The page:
With the Trump administration set to slash the Environmental Protection Agency’s budget by 31 percent, many recent environmental protections may be in jeopardy. This development has worried politicians such as Sen. Barbara Boxer, who spoke at Bovard Auditorium on Thursday as the keynote speaker for the Environmental Student Assembly’s Earth Month.
In January, Boxer retired from the U.S. Senate, where she served from 1993 to 2017. She was previously the ranking member of the Environment and Public Works Committee in the U.S. House of Representatives and served as chair of the U.S. House of Representatives from 1983 to 1993.
Boxer began her speech by discussing the relationship between science and politics in the modern world.
“It’s an odd world, filled with alternative facts, which I call authentic lies,” Boxer said to a laughing crowd. “We’re living through a time when science is so threatened that scientists have to march to show the American people that scientists are tellers of truth.”
Boxer also spoke about the injustice of climate change.
“We’re all taught to care about and stick up for the powerless,” Boxer said. “One of the reasons I was so attracted to the environmental issue is because it most often becomes an environmental justice issue.”
Joshua Blockstein, the co-director of ESA, spoke about California’s environmental policy in an introduction for Boxer.
“We need to look no further than our own state for evidence that we can take the initiative to revolutionize environmental policy,” Blockstein said. “California has taken the necessary steps to tackle climate change and protect our natural environment.”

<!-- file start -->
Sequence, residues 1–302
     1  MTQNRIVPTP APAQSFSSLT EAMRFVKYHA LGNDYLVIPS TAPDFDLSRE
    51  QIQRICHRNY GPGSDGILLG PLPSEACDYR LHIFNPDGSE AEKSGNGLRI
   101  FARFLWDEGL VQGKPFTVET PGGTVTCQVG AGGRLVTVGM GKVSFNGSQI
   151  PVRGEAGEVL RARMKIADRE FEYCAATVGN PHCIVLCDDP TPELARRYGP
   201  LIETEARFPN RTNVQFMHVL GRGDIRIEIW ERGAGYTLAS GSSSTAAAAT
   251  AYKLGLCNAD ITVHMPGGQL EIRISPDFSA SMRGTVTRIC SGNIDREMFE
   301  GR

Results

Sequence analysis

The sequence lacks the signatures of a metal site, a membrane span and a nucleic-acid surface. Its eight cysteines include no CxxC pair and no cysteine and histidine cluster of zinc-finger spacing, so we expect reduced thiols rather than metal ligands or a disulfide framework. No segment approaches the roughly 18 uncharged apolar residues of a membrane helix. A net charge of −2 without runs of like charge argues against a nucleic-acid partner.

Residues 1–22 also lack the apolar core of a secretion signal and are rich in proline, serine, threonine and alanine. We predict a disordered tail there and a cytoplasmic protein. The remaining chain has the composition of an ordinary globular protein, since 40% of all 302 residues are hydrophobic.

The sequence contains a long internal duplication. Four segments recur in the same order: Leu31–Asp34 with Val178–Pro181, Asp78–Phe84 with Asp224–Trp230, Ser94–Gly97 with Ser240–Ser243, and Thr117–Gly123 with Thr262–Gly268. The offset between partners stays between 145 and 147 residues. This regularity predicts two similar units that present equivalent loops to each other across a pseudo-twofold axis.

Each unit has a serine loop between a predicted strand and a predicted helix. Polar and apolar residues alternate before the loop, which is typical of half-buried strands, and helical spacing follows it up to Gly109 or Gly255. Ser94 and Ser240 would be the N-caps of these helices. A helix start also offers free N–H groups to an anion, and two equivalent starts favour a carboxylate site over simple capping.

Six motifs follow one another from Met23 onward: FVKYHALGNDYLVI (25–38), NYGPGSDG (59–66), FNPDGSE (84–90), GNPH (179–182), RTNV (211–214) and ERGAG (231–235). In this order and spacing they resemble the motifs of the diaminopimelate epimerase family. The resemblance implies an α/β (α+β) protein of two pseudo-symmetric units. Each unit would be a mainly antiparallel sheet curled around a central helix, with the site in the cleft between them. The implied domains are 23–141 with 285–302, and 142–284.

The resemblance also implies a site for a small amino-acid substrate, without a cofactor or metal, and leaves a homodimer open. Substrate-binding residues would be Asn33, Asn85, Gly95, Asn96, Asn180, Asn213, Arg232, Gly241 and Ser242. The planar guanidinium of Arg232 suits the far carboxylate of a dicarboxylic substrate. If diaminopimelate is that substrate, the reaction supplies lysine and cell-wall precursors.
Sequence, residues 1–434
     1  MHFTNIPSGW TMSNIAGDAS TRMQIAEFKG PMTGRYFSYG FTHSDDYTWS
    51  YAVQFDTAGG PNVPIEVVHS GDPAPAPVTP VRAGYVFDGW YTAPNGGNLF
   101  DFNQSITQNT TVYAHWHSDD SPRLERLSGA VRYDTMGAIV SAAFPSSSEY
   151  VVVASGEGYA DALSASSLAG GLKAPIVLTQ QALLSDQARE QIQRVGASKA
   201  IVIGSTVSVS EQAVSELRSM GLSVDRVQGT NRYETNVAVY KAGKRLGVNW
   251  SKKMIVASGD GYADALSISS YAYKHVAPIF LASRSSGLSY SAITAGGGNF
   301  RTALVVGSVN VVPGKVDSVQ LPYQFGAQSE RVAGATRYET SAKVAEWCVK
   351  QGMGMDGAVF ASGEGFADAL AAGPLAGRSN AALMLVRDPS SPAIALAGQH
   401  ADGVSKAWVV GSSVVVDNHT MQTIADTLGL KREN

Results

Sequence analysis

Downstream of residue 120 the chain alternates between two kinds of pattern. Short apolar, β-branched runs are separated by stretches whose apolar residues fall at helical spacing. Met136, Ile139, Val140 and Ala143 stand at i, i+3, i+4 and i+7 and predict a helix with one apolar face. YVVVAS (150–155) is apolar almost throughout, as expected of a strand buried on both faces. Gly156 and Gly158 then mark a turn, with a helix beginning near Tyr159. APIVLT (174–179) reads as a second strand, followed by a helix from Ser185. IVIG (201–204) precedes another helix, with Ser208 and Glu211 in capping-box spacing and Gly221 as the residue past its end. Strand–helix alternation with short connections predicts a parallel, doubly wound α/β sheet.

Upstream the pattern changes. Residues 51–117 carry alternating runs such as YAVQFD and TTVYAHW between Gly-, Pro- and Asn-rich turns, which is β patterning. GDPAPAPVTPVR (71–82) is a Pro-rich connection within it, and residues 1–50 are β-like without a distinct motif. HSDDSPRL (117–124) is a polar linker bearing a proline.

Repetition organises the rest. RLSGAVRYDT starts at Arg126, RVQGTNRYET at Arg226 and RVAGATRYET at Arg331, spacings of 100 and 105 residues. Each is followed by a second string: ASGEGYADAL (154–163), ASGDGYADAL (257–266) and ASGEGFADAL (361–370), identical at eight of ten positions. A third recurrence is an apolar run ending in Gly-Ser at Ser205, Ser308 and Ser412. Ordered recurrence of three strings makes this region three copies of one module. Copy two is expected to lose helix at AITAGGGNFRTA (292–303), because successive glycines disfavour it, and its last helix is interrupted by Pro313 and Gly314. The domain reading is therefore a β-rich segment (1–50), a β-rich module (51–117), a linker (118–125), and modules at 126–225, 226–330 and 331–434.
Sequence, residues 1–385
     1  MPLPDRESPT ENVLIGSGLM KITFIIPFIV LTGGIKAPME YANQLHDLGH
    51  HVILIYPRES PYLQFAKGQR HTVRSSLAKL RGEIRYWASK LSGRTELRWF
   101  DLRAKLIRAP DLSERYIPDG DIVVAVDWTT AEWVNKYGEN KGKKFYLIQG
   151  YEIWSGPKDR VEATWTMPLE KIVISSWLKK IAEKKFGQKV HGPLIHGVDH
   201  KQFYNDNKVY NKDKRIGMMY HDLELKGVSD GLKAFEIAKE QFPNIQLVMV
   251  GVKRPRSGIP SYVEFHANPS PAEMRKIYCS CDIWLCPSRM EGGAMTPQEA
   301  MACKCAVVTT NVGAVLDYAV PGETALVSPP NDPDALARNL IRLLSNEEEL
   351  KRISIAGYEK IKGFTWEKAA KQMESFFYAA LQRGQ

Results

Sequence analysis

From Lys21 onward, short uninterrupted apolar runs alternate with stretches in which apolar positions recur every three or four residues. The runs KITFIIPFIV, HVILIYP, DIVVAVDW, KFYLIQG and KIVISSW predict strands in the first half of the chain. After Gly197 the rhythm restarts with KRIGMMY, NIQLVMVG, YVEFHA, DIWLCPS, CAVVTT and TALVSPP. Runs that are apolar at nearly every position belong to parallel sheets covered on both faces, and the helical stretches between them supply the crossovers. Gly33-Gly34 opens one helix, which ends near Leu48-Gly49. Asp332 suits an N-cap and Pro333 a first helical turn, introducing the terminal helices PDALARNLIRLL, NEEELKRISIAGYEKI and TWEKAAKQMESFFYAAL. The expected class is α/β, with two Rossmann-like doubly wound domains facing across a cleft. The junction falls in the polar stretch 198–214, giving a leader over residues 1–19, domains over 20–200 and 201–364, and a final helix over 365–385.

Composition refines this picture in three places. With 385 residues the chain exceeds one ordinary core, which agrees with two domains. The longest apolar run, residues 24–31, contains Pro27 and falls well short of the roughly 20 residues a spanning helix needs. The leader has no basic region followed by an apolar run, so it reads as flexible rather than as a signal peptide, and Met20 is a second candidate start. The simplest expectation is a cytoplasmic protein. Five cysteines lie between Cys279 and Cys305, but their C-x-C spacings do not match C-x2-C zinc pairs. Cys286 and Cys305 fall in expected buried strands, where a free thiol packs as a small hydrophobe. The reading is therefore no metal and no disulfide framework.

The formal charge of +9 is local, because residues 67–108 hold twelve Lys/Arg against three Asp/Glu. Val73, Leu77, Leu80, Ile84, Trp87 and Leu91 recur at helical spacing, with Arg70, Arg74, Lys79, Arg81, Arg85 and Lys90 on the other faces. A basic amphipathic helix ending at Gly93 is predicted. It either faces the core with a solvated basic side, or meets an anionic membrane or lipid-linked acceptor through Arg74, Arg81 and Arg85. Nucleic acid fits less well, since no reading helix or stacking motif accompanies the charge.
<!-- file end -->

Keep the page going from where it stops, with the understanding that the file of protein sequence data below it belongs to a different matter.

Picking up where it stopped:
Jacob Lind, a freshman studying English, decided to come to the event to hear about Boxer’s political opinions in the Trump era.
“She’s a political veteran, so it’s interesting to hear her take on the current turmoil,” Lind said. “She’s now a private citizen like the rest of us, but she has a kind of insight into the situation of Donald Trump being president.”
Boxer’s presentation was followed by a panel featuring Bonnie Reiss, global director of the USC Schwarzenegger Institute for State and Global Policy; Terry Tamminen, CEO of the Leonardo DiCaprio Foundation; and Mary Nichols, chairwoman of the California Air Resources Board.
Congrui Lin, a senior studying human biology, is an intern for Sen. Dianne Feinstein, and came to the event to learn more about California’s environmental policy.
“I think that the cap-and-trade plan has been very successful, and so we should keep aggressively pursuing that and transitioning towards a cleaner economy,” Lin said in reference to California’s policy limiting greenhouse gas emissions.
Rebecca Weber, co-director of ESA, felt that Sen. Boxer was a perfect choice for a speaker for Earth Month.
“Our mission is to engage, inform and empower the student body about sustainability initiatives on campus, but it’s not just about campus anymore, especially with the new administration,” Weber said. “It’s good to make sure that students are informed about what’s going on.”
To close her speech, Boxer called for students to take action on environmental issues.
“We have the responsibility to stand up, to speak out, to be tough and to fight back,” Boxer said.